BOSTON — Lynn high school students braved the bitter cold to march for women’s rights on Saturday.
More than a dozen members from Lynn’s Girls Inc., and a handful of male students from the city’s KIPP Academy, took the trip into Boston, along with nearly 20,000 other people. The Lynn students said they were excited for the chance to have their voices heard at the 2019 Boston Women’s March, put on by nonprofit organization March Forward Massachusetts.
For most of the high schoolers, they had never experienced a march before, according to Lena Crowley, director of the middle and high school programs at Girls Inc.
“It gives us the opportunity to stand up for what we believe in and fight for what’s right,” said 14-year-old Angelina Nhiv.
The atmosphere was powerful, yet seemingly calm. With the thousands of handmade signs on display, attendees of the march had zero fear of expressing their opinions. With phrases such as “Women’s rights are human rights,” “We are the granddaughters of the witches you couldn’t burn,” a number of quotes from popular songs by famous musicians such as Ariana Grande and Drake, and too-many-to-count signs with colorfully negative thoughts on President Donald Trump, it was clear that no one held back.
“As soon as I learned the march was happening, I thought this could be a really great experience for our girls,” said Crowley. “It’s an opportunity to let their voices be heard and for them to be able to do something about everything they hear in the media, about what’s going on in our country, and it’s a way for them to advocate for what they need as young girls and women.”
The age diversity of the crowd was arguably the most powerful testament of the day. There were infants with their parents, toddlers parading in Women’s March merchandise while holding mini signs of their own, teenagers growing empowered while cheering on the array of guest speakers, and older couples encouraging kind words and freedom of speech.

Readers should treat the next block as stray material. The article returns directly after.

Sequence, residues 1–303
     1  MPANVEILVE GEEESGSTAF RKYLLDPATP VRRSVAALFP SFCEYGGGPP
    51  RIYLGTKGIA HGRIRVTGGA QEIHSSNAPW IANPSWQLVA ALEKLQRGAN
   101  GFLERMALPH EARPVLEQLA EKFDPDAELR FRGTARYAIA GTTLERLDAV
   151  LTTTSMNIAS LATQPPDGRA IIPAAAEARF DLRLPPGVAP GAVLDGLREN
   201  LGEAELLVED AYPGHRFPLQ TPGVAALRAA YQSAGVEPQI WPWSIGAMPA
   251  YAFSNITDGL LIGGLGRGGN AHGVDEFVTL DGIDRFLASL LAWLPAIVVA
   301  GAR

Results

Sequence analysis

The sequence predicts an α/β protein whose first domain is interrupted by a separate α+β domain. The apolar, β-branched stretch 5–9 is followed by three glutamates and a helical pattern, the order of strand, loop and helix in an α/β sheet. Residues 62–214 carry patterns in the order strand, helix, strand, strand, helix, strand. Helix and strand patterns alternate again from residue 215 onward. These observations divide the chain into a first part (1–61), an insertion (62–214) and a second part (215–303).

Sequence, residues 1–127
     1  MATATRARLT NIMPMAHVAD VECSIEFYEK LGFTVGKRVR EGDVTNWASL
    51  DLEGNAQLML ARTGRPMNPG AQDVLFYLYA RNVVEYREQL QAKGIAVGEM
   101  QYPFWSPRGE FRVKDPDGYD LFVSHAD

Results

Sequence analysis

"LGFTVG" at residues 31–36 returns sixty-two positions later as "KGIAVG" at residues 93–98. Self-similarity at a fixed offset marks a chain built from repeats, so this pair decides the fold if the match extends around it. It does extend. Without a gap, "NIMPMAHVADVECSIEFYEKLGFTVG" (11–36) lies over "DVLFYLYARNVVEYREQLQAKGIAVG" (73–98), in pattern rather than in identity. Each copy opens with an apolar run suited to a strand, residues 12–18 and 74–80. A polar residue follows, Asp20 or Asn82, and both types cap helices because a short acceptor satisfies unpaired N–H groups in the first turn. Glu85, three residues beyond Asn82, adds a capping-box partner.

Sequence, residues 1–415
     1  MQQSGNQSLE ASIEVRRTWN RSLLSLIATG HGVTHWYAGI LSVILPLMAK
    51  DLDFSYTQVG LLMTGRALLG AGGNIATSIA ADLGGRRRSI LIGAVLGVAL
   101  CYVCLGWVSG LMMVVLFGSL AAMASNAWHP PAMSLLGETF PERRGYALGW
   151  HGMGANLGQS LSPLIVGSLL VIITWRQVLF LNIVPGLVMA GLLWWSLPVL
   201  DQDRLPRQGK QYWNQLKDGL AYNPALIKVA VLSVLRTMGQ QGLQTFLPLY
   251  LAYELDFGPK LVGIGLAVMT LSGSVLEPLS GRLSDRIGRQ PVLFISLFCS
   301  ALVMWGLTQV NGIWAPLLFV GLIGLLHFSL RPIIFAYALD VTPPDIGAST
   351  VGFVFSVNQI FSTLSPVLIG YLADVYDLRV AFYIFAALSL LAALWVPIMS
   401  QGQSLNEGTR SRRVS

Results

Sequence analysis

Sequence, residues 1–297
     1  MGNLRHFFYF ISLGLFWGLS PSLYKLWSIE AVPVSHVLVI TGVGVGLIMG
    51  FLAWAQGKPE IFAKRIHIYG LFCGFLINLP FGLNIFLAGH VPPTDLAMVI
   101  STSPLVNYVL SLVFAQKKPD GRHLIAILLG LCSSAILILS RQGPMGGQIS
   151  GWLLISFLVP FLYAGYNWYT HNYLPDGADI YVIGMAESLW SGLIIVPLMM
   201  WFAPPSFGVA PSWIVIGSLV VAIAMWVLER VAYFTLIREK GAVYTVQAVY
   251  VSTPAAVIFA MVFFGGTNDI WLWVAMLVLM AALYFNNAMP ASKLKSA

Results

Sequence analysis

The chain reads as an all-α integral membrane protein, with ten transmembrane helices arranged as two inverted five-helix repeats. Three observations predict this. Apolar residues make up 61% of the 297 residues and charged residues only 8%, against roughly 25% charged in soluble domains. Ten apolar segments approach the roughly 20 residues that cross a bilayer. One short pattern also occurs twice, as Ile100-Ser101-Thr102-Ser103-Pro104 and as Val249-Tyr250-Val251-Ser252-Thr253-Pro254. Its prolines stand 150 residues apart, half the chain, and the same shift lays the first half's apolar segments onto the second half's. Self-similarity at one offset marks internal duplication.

“It’s important for women to have rights,” said 14-year-old Nelson Carrion, a Lynn KIPP Academy student. “Today, in our society, women are treated less than. By us (men) being here, it shows we want to stand up for their rights. If men aren’t including themselves, then it shows they don’t care how women feel.”
The lack of equal rights for not only women, but people with disabilities, those in the LGBTQ community, and people of color were also addressed during the many speeches given. While there were close to two dozen inspirational speakers throughout the day, Congresswoman Ayanna Pressley had the crowd cheering as the march’s keynote speaker.
Pressley ended her appearance by inviting up all the speakers who are elected officials or have run for office in the past, and recited a commitment for the thousands of people in front of them. The commitment encouraged all the women in attendance to take the fight for their rights even further by running for office.
“What we saw and what we put forth in 2018 was work,” said Pressley. “We are just getting started.”
Then, 20,000 people took to the streets of Boston to walk in solidarity for equal rights.
“There are people who care about the same issues these girls do and there are people working to make things better for women and girls in this country,” said Crowley. For them to see that people in this society do care is important.”